Hal Holbrook

Listening to Hal Holbrook in a phone interview, it’s easy to think that Mark Twain might still be alive, even if you’ve never talked to Twain in person.

We’re having the conversation because the accomplished American actor is bringing “Mark Twain Tonight” back to Washington. The show will be at the National Theatre April 4 to 5, perhaps in the nick of time, and with the star, once again, burning with a passion for the part.

In rumpled whitish hair and a white suit, Holbrook has been doing his one-man show for years, going back to 1954, when the Cleveland, Ohio, native first performed the role at Lock Haven State Teachers College in Pennsylvania.

Ed Sullivan put Holbrook-Twain on his show in 1956, and Holbrook made it to Off-Broadway in 1959. He performed the role again in a production at the New York World’s Fair in 1964 and 1965. In 1966, “Mark Twain Tonight” went to Broadway for the first (but not the last), and the following year it was presented on CBS. Holbrook won an Emmy. He would return to Broadway and continue to tour with the show.

Holbrook said he has performed as Mark Twain more than 2,000 times over 60 years of his life. There is a very good chance that he never performed it the same way twice, so rich is the material, so endless is Holbrook’s love for the man and the part. He is 88 years old now, and you have to ask: Why do you do it?

“Why do I do it?” Hobrook said. “Why, because it keeps me alive, man. It keeps me alive. It makes my blood run. It makes my heart beat faster every time I do it. It keeps you young and interested and curious and passionate. It’s hard sometimes. I do all my own research, I change the material a lot. Sometimes, you never know where it exactly goes. He did the same thing you know. That’s what he became, Mark Twain on the road, on tours, talking about America, God, politics, greed, the big business guys. Nothing has changed.”

“I can’t wait to get to Washington, let me tell you,” he said. “I can’t wait. I don’t have to change a thing. I don’t have to update him. He’s as current as all get-out. We’ve got the same things going on, the gap between rich and poor, the intolerance of the zealots.” “He speaks to me, you know,” Holbrook said. The voice was garrulous, rich in timbre. “I don’t mean literally, I mean in terms of what he says. He speaks to all of us. Because he does what other people don’t do: He tells the truth. That’s what always separated him from everybody else, it’s why he was funny. Because he’s not just a comedian. He tells the truth and the truth is always funny, to begin with, because you hardly ever hear it. So people laugh, but they also listen.”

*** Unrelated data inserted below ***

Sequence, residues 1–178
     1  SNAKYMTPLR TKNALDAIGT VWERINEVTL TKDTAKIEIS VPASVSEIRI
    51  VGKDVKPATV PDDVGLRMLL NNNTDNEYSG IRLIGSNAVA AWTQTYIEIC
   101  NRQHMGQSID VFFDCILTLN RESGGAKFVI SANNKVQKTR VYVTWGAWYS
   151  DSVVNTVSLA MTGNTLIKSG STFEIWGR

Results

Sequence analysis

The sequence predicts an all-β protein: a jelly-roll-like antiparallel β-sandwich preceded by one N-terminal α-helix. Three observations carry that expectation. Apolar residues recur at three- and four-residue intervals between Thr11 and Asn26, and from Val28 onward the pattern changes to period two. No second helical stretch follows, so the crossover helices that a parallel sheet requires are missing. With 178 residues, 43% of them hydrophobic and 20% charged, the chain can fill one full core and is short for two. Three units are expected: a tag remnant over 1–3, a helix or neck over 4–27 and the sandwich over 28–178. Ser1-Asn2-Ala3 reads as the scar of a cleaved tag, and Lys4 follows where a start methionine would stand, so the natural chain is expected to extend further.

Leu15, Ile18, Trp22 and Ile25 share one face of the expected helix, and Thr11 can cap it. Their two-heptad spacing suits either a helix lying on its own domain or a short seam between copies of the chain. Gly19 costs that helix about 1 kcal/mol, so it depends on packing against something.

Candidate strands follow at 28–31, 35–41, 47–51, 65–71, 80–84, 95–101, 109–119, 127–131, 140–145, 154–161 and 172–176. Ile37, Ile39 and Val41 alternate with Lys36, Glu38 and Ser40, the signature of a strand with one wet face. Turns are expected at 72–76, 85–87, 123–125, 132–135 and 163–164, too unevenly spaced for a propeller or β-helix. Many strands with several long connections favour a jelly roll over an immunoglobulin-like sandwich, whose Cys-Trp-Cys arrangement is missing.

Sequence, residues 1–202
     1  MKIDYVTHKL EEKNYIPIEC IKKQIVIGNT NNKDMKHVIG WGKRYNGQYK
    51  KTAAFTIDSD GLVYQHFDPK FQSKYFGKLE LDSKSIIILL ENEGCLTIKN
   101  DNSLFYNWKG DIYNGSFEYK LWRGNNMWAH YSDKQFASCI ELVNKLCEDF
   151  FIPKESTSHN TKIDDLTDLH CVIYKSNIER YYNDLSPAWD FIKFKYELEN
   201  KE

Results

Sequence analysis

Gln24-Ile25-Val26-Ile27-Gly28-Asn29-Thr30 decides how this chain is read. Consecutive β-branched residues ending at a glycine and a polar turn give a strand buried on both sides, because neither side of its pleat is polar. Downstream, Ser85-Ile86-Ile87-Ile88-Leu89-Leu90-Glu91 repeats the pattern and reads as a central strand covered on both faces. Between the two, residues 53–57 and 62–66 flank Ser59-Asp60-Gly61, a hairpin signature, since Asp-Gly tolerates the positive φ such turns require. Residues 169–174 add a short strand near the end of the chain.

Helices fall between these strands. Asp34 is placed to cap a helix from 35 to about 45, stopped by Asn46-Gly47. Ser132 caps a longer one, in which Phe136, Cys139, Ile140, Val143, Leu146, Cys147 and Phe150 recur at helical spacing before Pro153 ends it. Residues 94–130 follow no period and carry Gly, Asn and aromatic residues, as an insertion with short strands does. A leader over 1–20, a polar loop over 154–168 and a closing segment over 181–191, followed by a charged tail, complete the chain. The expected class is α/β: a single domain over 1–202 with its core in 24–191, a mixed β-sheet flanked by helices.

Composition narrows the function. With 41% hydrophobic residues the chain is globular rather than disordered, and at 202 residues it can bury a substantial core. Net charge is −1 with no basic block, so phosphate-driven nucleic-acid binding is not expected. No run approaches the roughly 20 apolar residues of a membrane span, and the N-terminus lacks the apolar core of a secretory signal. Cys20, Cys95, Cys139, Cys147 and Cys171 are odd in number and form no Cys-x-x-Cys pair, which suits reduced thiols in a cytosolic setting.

“When I first starting doing him, I was trying to figure out how to survive on stage by myself,” he said. “That seemed to be the hardest part. I wanted to get the laughs then. Now, well, I need to do it, because it’s worthwhile. Plus, there aren’t that many good parts for a guy my age any more.”

Maybe. But he seems to find them or, anyway, they find him. He had an Oscar nomination for supporting actor in 2008 for “Into the Wild.” He was in Spielberg’s “Lincoln” and the well-received “Promised Land” last year. He works. You guess he needs to work for the sake of it.

Twain did the same thing. He did it to make money, for sure, and he had created this Mark Twain character. Moreover, he was both a great American novelist – “The Adventures of Huckleberry Finn” is still being banned after all these years – and a great and mordant observer of American mores. “Shaw called him the American Voltaire,” Holbrook offered.

Holbrook, of course, is in the pantheon of fine American actors, with an ability to play memorable roles on stage, in films and on television. He was a villainous foil to Clint Eastwood’s “Dirty Harry,” playing a law-and-order zealot. He was the wise broker to Charlie Sheen’s hustler in “Wall Street.” He portrayed an assistant secretary of state on “The West Wing,” appeared on the popular sitcom “Evening Shade” and played Dixie Carter’s swain on “Designing Women.”

That was a part he played in real life, also. She was the enduring love of his life. They married in 1984. Both he and Carter appeared at the Shakespeare Theatre Company, Holbrook as Shylock in “The Merchant of Venice,” Carter giving remarkable performances in two plays by Oscar Wilde.

“She was an original, and I loved her dearly,” he said. “She had courage, intelligence, talent, humor and grace and a remarkable capacity for forgiveness, for which I was grateful.”

Carter passed away in 2010.

Twain saved some of his sharpest jibes for politicians, as in the famous: “Suppose you were an idiot and suppose you were a member of Congress . . . but I repeat myself.”

“I can’t wait to unleash Twain on Washington,” Holbrook said. For sure, we could use a dose of Twain, and the presence of Hal Holbrook, too.

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Fri, 22 Aug 2014 09:44:43 -0400

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